Seugnet de Villiers, Investment Analyst at Nedgroup Investments, reinforces the need to adhere to the basics of investing when helping clients to stick to their long-term investment plans in times of market turmoil.
It’s been a difficult few years for South African investors. The domestic economy has been struggling, we’ve had low GDP growth, government debt is at unsustainable levels and unemployment remains high. As a result, domestic equities have not delivered good growth, which was compounded by the Coronavirus. On 19 March, the cumulative growth of the All Share Index over the last six years had delivered 0% nominal growth. Domestic multi-asset and equity funds over the last 3 and 5 years have not been able to keep up with inflation, let alone outperform their inflation plus targets with many clients partially or fully invested in these types of portfolios. Multi-asset income funds on the other hand, which are limited to 10% equity and mainly hold short-term bonds and cash instruments have performed relatively well, delivering 7% p.a., i.e. cash plus 1%-2%.
Managing investors emotions during market volatility
Clients are naturally feeling that the last place they want to be is equities and that cash offers them a safe haven and better performance prospects in the short term. Now is the time for advisors to step in and manage their clients’ emotions as switching at the current low point of the market is not advisable. Inflows into South African MA Income funds over the last 3 years have been R99 billion compared to R188 billion over the last 15 years. Meanwhile, multi-asset high equity funds have experienced a net outflow of R28 billion, confirming the emotional switch out of growth assets. While income funds offer consistent returns in the short term, they offer low growth prospects in the long term. It’s important to help clients not to get overwhelmed by the complexity of investment decisions by helping them to ignore the noise and focus on making investment decisions based on long-term fundamentals to help them achieve their long-term investment goals.
History shows that markets always recover
The domestic equity market, over the last 100 years, has been through several bear markets with high double digit drops. The drivers of these crises may have been different, but the common thread is that the market always recovers and reaches new highs. The dangerous part of a recovery is how fast and unexpected it always is and usually when it doesn’t make sense. The period up to 24 March was one of the worst months for domestic unit trust funds ever. Without any fundamental change to the outlook for Corona, April was one of the best months ever.
The opportunity cost of switching
Clients who switch too soon stand to lock in significant losses. Example: A client has R100 000 invested in the equity market on 24 February. On 24 March as markets are falling, the clients decides to switch his investment, now worth R75 000, out of equities into cash. Shortly thereafter markets begin to turn. If he had stuck to his initial long-term plan, on 24 April he would have had R90 000, a 10% decline, but preferable to the 25% knock he took by exiting in March. Short-term, emotional decisions like this can be costly in the long term. It’s important to remember that while cash offers steady performance in the short term and is currently attractive, money markets, relative to inflation, do not offer the growth needed for a long-term investment horizon. Over the last 20 years, multi-asset high equity funds have delivered 5.3% per annum in excess of domestic inflation, outperforming money market funds by 2%, not forgetting the compound interest effect over the period. In Rand values, this means that an investment in the multi-asset high equity space has grown to more than double that of an investment in money market over the same 23-year period.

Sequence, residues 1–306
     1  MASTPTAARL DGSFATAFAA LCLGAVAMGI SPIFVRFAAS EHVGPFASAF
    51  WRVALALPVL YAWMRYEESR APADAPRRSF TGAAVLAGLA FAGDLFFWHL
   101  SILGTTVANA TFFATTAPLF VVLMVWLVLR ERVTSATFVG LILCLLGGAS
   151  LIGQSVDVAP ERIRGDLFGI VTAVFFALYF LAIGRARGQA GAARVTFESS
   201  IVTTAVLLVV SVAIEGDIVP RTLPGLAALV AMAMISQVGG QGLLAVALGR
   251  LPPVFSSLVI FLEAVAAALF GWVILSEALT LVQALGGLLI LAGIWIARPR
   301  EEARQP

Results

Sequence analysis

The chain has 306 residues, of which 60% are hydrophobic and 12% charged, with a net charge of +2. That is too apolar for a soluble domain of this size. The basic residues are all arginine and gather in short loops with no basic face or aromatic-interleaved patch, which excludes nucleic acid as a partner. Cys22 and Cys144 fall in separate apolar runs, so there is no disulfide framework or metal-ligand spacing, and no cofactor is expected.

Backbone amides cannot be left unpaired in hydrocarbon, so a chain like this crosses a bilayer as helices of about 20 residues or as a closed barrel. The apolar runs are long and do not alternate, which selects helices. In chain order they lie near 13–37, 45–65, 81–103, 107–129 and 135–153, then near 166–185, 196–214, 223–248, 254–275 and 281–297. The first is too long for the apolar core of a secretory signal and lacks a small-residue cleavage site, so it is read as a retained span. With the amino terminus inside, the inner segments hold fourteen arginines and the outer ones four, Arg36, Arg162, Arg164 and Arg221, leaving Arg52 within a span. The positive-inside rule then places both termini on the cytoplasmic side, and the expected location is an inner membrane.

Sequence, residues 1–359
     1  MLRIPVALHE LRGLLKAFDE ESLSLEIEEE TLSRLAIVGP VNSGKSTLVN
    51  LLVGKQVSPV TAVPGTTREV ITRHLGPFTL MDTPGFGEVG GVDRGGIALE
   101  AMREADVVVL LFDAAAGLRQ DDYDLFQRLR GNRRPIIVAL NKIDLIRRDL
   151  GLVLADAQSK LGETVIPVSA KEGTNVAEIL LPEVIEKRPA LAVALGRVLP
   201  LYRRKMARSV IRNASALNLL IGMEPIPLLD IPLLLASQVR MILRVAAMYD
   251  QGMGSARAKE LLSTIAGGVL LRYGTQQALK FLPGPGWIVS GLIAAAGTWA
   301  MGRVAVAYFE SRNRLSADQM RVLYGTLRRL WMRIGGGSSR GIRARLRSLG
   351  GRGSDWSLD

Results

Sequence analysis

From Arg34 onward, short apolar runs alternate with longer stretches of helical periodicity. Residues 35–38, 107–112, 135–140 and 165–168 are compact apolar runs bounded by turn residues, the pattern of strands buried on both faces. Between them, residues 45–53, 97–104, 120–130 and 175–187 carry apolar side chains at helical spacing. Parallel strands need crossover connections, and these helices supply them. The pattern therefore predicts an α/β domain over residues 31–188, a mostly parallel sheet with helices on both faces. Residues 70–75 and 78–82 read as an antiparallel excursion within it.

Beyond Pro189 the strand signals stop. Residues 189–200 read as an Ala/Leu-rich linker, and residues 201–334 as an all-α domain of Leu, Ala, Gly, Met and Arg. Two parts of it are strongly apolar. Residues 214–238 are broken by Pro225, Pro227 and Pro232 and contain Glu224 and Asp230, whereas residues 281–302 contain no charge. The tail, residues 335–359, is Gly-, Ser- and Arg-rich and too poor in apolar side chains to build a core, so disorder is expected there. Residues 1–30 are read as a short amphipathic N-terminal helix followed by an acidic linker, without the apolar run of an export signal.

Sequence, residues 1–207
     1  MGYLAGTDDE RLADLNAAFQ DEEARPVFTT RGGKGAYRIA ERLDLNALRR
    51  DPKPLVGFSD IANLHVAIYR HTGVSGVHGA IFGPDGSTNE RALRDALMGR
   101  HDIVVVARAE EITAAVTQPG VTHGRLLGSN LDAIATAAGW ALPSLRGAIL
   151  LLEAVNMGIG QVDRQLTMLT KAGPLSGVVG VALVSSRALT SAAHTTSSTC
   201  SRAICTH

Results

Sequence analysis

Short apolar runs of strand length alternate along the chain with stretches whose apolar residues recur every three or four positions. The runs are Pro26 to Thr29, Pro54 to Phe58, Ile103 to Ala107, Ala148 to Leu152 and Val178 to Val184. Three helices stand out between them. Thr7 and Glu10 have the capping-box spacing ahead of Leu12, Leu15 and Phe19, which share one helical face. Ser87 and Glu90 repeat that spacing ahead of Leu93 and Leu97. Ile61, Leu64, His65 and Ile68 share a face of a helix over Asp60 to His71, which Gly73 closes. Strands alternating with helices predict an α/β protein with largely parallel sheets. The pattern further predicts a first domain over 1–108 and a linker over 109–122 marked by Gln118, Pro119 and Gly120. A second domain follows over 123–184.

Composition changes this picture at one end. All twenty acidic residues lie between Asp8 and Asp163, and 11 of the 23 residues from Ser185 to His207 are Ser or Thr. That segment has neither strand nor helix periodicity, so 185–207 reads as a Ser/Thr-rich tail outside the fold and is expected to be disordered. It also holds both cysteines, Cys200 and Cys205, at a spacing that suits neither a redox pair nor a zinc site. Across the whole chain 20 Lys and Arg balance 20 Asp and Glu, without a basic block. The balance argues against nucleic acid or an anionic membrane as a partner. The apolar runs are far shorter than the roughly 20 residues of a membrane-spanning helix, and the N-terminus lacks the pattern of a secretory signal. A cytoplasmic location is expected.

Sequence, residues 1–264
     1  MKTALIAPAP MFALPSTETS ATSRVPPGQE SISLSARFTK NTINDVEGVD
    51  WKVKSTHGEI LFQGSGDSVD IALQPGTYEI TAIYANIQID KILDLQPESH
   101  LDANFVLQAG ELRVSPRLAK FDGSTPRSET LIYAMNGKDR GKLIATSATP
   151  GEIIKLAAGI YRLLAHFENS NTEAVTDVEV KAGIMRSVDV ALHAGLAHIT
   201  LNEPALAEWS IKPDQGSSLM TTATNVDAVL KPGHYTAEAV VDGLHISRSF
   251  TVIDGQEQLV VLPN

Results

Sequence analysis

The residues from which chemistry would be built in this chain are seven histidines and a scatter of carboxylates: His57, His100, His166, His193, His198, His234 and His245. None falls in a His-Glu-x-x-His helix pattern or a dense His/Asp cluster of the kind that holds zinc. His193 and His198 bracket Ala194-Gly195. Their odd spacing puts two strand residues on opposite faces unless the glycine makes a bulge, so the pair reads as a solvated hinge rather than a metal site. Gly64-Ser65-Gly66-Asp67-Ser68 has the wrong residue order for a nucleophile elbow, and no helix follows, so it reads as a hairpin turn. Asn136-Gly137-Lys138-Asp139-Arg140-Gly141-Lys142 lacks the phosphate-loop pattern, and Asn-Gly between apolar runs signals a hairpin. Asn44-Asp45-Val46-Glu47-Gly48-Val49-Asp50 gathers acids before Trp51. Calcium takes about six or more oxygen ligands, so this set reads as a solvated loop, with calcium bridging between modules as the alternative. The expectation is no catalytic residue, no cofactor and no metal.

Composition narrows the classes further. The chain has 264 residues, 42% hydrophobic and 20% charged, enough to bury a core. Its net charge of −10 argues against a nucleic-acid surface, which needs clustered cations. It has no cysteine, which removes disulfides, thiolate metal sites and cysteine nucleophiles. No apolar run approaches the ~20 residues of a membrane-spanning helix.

Time in and not timing the market
Historical performance has shown that by staying invested for up to 10 years, the likelihood of equity funds outperforming money market funds is 100%. Your conversation will need to be around the importance of staying invested in high growth assets for the long term, the volatility that clients will need to cope with in the short-term and how long-term growth will not be achieved with income funds. The trade-off is between time, risk and return. The more return you want to achieve, the more risk you need to take and the longer you need to remain invested.
The availability bias
This refers to the shortcut our minds take to judge the likelihood of something happening based only on recent or memorable events and is currently quite present in clients’ investment decision making. However, it’s important to reinforce that short-term volatility and a market crisis don’t change the long-term fundamentals of an asset class, confirming that equities are still a good investment option. In fact, March 2020 was the first month end in the last 20 years where the All Share Index had a 7-year performance below cash.
What client need to do now
It’s important in times of crisis to stick to the basic principles of investing.
• Your investment time frame is still the key driver of the levels of risk you can afford.
• Your tolerance for risk drives the asset allocation to suit your objectives and needs.
• Asset allocation is an important driver of expected return.
• Diversification enables you to reduce risk without compromising return.
• Emotions erode value, so avoid knee-jerk reactions to short-term discomfort.
• Reasonable returns compounded over long periods can produce great investment results.